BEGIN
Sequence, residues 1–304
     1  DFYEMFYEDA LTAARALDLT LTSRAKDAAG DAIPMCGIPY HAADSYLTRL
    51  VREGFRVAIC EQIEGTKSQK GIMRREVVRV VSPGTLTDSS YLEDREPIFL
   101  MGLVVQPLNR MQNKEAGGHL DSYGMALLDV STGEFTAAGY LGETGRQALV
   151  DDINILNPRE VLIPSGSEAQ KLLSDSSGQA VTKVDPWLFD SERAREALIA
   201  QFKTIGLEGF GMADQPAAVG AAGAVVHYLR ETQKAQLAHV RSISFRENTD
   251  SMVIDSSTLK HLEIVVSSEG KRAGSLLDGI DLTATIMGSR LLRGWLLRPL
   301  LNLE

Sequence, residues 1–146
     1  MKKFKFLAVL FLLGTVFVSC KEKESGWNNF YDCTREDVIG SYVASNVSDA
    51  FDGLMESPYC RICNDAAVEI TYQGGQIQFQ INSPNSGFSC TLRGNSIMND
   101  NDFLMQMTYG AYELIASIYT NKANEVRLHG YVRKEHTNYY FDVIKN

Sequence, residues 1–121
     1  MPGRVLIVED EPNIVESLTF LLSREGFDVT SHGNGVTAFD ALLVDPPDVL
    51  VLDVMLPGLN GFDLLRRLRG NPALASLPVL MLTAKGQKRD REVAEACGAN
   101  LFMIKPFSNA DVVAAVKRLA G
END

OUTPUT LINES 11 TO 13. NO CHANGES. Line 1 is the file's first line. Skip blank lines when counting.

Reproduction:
    51  FDGLMESPYC RICNDAAVEI TYQGGQIQFQ INSPNSGFSC TLRGNSIMND
   101  NDFLMQMTYG AYELIASIYT NKANEVRLHG YVRKEHTNYY FDVIKN

Sequence, residues 1–121